Last time, I suggested that it can be helpful to compare oneself to oneself. This comparison can help you see more clearly whether you are, in fact, making progress toward your goals.
The example I had chosen was that of a young man who felt that he wasn’t getting anywhere. However, when he compared himself to himself 5 years ago, he realized that he is making progress and is on track to achieving what he wants. The comparison ended up being a wonderful, satisfying experience. Renewed and reinvigorated, on he goes!
Great for him, eh?
It may have occurred to you that not everyone will see such a rosy picture.
Gene did a similar comparison of his current situation with where he was 5 years ago. His conclusion wasn’t rosy at all. In those 5 years, an important relationship in his life had ended, he had accumulated debt, and he had made no progress either in income or skills. If anything, Gene considered that he’d been better off 5 years ago; he was 5 years younger!
So, would it have been better for Gene to have avoided this little exercise completely? If you perceive that looking at your life will only cause you to be dissatisfied, is it better not to look at all?
As usual, it depends on what you want. If you prefer to live an unexamined life, of course, that’s your choice. However, if you are feeling vaguely dissatisfied and wondering why you don’t seem to be achieving anything, then isn’t it helpful to know whether that’s really true? And if so, why?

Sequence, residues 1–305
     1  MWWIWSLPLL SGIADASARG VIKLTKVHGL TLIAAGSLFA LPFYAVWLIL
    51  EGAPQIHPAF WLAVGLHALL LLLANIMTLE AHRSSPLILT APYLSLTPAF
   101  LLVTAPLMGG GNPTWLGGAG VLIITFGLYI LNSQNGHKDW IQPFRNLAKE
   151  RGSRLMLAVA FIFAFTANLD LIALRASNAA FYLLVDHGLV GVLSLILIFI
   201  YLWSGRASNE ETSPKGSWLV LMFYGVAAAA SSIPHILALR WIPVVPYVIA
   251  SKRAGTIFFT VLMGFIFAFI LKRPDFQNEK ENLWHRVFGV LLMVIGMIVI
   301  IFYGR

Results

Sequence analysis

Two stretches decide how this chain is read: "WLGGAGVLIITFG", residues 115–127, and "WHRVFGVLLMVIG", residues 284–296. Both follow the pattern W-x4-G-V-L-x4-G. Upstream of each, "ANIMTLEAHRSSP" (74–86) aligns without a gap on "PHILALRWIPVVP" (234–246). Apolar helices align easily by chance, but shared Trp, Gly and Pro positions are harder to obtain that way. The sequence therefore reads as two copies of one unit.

After you’ve done your comparison, if you find that things are worse now, it is completely your choice as to whether you take any action. You may perceive that you are doing the best that you can at this time. There may be nothing more to do.
If so, you may want to reevaluate your plans and goals to be more reachable and realistic for your situation. For example, there’s not a lot of value or satisfaction in having a goal to be a concert pianist if it’s impossible to fit music lessons into your schedule.
Switching to a smaller goal that is possible to achieve can at least get you into the mode of working toward something. That’s more effective than saying, “If I can’t be a concert pianist, then I may as well not bother trying to achieve anything. I’ll just watch TV.”
If you feel discouraged after your comparison, remember that you can only start from where you are right now. Yes, it might have been better if you had done something differently yesterday, last week, or 5 years ago. The reality, however, is that you are where you are right now, and it is only from here that you can take action.
So, you want to be a concert pianist? What can you do right now? Book that first lesson.
If you want to achieve your goal—no matter what it is—make a plan, follow that plan, re-evaluate as you go along, and readjust as necessary.
Do you have goals? Are you on track to achieving them?